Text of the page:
How Do You Sell Your Value-Add?
A shop shares lessons learned about alluring and securing profitable, long-term CNC machining contracts.
Contour Precision Milling & Machine moved into a brand new facility in 2006. Two years later, that move almost seemed ill-considered. “We lost about 60 percent of our business overnight,” recalls Michelle Reichlin, CEO, about the economic downturn of 2008.
Thanks largely to a new approach to shop-floor scheduling, the company is reportedly twice as productive and twice as profitable as it was before the move with less than half the employees (21 versus the 2007 peak of 48). Its average on-time delivery rating is 96 percent. CNC machining equipment on the 20,000-square-foot shop floor in North Ridgeville, Ohio, includes pallet-fed horizontal machining centers and five-axis vertical machining centers. Six new pieces of equipment have been purchased in the past 18 months alone, but debt is controlled, and the company is not highly leveraged, Ms. Reichlin says. She and the rest of the company’s leadership believe themselves better prepared than ever for whatever the future brings.
However, Ms. Reichlin also insists that there’s more to thank for success than shopfloor improvements. The company also had to refine its approach to attracting and managing relationships with customers. Here are a few lessons it learned along the way:
It Is OK to Say “No”
Many contract manufacturers claim to specialize in tough jobs that others reject. However, Contour Precision has chosen a particularly specific niche: low-volume, repeat jobs involving non-round, non-square milled components, particularly castings and forgings, that require custom fixtures (learn more about the company’s approach to fixture design).
Other work tends to be rejected, and for good reason. “We’ve got a bunch of tool and die makers—we can do anything—but we’ve learned that there is a cost associated with doing just anything,” Ms. Reichlin explains. “One of the biggest factors in our success has been simply understanding what we do well and being able to turn down work that does not fit us.”
“You have to make money on what you do,” adds Mark Schroeder, vice president of operations. “You have to be able to say ‘no’ to the customer. If it isn’t going to repeat, if we can’t make it more productive, if it doesn’t need special tooling—if it’s already optimized, and there’s not a lot of value we can add in manufacturing the part—then maybe it’s not for us. We are happy to make a referral.”
He adds that focusing only on the right work also ensures that resources can be devoted to value-added services that make the shop seem indispensable. These include assembly and inventory management, including storage, testing and just-in-time shipping of customers’ products.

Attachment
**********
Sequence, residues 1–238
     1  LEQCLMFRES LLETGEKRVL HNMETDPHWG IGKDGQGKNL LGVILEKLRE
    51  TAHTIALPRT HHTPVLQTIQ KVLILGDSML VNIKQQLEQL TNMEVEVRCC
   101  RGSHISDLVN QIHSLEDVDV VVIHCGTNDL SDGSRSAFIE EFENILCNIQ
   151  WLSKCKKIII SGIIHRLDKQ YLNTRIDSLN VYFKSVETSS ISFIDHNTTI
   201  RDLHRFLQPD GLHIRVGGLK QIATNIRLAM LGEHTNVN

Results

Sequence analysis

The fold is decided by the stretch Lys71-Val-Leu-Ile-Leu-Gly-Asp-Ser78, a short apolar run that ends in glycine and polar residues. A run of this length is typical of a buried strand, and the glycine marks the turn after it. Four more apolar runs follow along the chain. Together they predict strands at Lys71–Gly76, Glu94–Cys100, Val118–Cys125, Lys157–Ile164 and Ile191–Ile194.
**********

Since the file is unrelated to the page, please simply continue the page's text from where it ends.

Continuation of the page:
Saying “no” requires more than just firm resolve. After the economic crash, “We became a lot more systematized,” Ms. Reichlin says. “We had to start tracking metrics in our business to help us understand where we were failing and where we were doing well.”
Consider the ratio of payroll hours versus machine production hours, a measure of output per employee. Of all the costs that go into running a machine at this shop for an hour, labor is by far the most significant and the most variable, Mr. Schroeder says. Thus, this metric plays a significant role in driving decisions such as which jobs go to which workstations, where to apply automation and who needs training in which area. (This very metric is the focus of MMS’ February, 2018 cover story, which details another shop’s implementation of a machine monitoring system.)
Price Is Not a Negotiating Tool
At Contour Precision, there’s no room for charging less or accepting less-than-ideal work just to establish a relationship. Costing is always honest and transparent, with the numbers reflecting material, consumables and other prices; the machinery used to produce the part; and the shop’s well-paid people. “We’re not out there low-balling quotes to get new business,” Ms. Reichlin says. “You have to start out quoting honestly with your team first, or you’ll just make customers angry later when you have to ask for a price increase.”
Leadership is also wary of deals involving packages of jobs, which typically contain both “winners” and “losers” in terms of profitability for the shop. In their view, all jobs stand alone, and each should be evaluated on its own merits. “In our experience, you’ll never lose the jobs you quoted too low, but you’ll eventually lose the ones you quoted too high,” Mr. Schroeder says.
FUD Comes First
This approach to costing makes sense for a shop that focuses less on per-piece costs and more on the total expense of delivering a part. For some customers, however, another concern comes first. “We may be able to bring a lot of value to the job, but we never get a chance to present that value if we don’t first deal with the FUD factor—fear, uncertainty and doubt,” he says.
Good financials demonstrate solvency and capability to upgrade technology regularly without incurring debt. From there, one key tool for reassuring risk-averse prospective customers is “Safe Launch,” a step-by-step process for starting a new job and shepherding it through to conclusion. This process helps prevent miscommunication and confusion by ensuring the customer knows exactly what to expect at every phase, from receiving the purchase order to production trial runs to packaging and final job documentation. This plan includes provisions for dealing with unexpected disruptions. The idea is that Contour Precision, not the customer, shoulders most of the work of sourcing parts with a new supplier.
“Risk outranks even price when it comes to the concerns of a big company sourcing with a smaller parts supplier,” Mr. Schroeder concludes. “The more seamless and painless we can make the entire process, the better off we are going to be and the better off the customer is going to be.”